“Can you—okay, just,” he looked up at me, stepping forwards to lean on the cobwebbed surface of the shed door. My eye twitched but I decided not to interrupt him now that he’d finally started speaking. “Can you just get Joe to speak to me again?”
I blinked at Joey’s best friend. He was looking at me with such odd hope that I almost didn’t have it in me to break it to him.
“Why the hell would I be able to do that?”
Ryan’s face dropped. “You don’t need to hide it from me. I know that he’s been hanging out with you. I saw him getting out of your friend’s car the other day. And it was the same car I saw all of you guys in a while ago at the beach.”
“What? When?” My eyebrows creased. “It can’t be me—“ the second scenario he’d mentioned sounded like it could have been the day we went surfing—the day I’d kissed Joey, but I hadn’t seen Ryan skulking around, and that had been ages ago. When would Joey have met Curtis again? Though, maybe I should have been questioning Ryan’s apparent stalking tendencies.
Ryan didn’t seem to comprehend the confused expression on my face. “So you’ll do it then? Just tell him that I don’t give a shit that he’s gay—”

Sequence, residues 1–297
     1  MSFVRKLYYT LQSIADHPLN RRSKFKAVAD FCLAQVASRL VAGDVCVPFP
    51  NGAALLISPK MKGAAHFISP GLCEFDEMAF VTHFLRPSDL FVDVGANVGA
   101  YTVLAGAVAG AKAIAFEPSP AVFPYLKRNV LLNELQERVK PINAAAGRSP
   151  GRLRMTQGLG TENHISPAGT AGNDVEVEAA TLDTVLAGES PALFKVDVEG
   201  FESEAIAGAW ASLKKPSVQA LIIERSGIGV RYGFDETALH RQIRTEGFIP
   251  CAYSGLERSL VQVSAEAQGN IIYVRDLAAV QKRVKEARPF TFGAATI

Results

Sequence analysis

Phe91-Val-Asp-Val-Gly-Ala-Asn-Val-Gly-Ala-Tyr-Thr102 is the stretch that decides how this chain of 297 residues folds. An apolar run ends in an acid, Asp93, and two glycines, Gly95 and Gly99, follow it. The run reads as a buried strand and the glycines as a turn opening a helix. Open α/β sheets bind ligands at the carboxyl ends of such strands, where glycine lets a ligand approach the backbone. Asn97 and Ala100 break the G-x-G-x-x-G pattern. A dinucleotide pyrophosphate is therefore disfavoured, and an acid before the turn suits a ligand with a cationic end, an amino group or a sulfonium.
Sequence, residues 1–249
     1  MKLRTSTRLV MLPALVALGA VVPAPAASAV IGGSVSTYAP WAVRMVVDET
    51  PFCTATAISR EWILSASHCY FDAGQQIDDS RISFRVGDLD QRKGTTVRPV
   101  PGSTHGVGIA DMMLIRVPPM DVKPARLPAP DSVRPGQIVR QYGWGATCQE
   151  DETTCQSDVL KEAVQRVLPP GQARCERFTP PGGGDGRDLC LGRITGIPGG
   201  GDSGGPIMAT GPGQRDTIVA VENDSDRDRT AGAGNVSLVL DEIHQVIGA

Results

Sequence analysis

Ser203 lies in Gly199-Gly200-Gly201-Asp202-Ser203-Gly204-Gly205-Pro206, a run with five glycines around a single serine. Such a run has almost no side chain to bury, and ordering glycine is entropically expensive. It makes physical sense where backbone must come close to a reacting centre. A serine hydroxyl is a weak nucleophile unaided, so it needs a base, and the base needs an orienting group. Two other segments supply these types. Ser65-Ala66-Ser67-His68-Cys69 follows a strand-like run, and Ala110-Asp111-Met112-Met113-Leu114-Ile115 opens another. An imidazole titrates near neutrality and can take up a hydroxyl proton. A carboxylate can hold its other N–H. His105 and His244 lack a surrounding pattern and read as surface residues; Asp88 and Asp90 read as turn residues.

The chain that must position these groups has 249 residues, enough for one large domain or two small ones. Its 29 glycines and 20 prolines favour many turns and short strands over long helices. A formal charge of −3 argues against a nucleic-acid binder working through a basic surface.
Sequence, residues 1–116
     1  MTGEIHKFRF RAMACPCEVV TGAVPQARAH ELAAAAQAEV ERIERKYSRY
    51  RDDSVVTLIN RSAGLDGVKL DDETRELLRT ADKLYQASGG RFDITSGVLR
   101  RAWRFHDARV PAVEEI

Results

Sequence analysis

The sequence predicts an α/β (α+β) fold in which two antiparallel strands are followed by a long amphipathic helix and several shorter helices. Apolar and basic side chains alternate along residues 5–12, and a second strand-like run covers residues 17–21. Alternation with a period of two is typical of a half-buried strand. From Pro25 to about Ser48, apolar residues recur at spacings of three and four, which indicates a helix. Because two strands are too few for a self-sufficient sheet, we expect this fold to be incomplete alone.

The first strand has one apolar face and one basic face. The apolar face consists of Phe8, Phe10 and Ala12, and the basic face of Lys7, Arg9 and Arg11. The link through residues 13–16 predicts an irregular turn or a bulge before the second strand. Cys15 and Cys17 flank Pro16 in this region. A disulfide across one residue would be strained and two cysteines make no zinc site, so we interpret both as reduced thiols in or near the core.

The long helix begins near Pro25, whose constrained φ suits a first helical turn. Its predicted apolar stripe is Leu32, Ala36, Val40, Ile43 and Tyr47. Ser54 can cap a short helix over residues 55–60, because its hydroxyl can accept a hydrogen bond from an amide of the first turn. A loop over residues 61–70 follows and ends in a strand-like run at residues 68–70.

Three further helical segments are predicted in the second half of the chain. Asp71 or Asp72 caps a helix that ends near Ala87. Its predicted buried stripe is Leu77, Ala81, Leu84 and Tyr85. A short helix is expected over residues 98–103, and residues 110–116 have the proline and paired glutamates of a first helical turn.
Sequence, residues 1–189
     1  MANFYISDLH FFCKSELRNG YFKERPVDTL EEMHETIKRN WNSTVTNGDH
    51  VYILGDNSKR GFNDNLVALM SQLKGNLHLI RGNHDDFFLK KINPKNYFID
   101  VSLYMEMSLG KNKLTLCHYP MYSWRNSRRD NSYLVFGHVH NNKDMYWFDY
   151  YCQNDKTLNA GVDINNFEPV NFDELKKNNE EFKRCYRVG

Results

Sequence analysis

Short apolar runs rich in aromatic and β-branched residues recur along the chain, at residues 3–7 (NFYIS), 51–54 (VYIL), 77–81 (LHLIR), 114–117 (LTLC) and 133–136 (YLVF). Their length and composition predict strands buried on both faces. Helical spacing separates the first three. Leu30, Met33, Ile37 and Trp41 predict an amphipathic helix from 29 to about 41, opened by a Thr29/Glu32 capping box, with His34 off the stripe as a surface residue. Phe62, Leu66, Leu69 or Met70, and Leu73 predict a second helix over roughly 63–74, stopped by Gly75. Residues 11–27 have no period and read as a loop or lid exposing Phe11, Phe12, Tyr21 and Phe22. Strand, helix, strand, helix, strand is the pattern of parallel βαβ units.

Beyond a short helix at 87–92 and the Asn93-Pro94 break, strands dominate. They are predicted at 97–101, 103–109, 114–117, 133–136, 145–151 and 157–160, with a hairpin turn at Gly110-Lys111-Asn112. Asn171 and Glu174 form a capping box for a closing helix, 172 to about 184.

“-and I’m sorry about saying the shit I did at his—”
“-and I’m really sorry about Courtney, but I’m not exactly speaking to her anymore, if that helps.”
He paused where he stood and blinked back at me. His tangent had got him walking eights.
“J-Joey…” I cleared my throat again. “Joey isn’t gay, Ryan.”
“I told you that you don’t need to hide this shit—”
“I’m not hiding or denying anything!” I argued, stuffing my hands into my pockets to hide the fists they’d become. I couldn’t beat away the humiliation I’d felt after he’d rejected my kiss that night, and it would only be worse if it hadn’t been based on the fact that Joey’s orientation wouldn’t allow him to continue.
Maybe he just didn’t like me.
“Joey hasn’t told me shit. We don’t—” I stopped there, averting my eyes.